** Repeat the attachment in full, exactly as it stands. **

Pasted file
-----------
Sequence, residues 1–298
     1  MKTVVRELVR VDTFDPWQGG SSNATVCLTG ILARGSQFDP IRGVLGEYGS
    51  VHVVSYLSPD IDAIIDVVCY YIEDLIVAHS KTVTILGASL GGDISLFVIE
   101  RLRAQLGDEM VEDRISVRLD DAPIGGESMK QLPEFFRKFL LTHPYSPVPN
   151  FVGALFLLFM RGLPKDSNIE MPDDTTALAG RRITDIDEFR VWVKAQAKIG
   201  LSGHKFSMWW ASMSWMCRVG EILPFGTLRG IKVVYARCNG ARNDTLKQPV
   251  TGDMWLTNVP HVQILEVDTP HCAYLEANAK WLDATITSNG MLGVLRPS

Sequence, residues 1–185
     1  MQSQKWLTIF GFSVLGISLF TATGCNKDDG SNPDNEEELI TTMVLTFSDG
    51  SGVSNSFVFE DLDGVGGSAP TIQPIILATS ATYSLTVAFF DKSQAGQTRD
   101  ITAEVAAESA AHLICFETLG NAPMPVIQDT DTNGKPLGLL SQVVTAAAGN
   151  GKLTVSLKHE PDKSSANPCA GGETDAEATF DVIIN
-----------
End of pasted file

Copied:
Sequence, residues 1–298
     1  MKTVVRELVR VDTFDPWQGG SSNATVCLTG ILARGSQFDP IRGVLGEYGS
    51  VHVVSYLSPD IDAIIDVVCY YIEDLIVAHS KTVTILGASL GGDISLFVIE
   101  RLRAQLGDEM VEDRISVRLD DAPIGGESMK QLPEFFRKFL LTHPYSPVPN
   151  FVGALFLLFM RGLPKDSNIE MPDDTTALAG RRITDIDEFR VWVKAQAKIG
   201  LSGHKFSMWW ASMSWMCRVG EILPFGTLRG IKVVYARCNG ARNDTLKQPV
   251  TGDMWLTNVP HVQILEVDTP HCAYLEANAK WLDATITSNG MLGVLRPS

Sequence, residues 1–185
     1  MQSQKWLTIF GFSVLGISLF TATGCNKDDG SNPDNEEELI TTMVLTFSDG
    51  SGVSNSFVFE DLDGVGGSAP TIQPIILATS ATYSLTVAFF DKSQAGQTRD
   101  ITAEVAAESA AHLICFETLG NAPMPVIQDT DTNGKPLGLL SQVVTAAAGN
   151  GKLTVSLKHE PDKSSANPCA GGETDAEATF DVIIN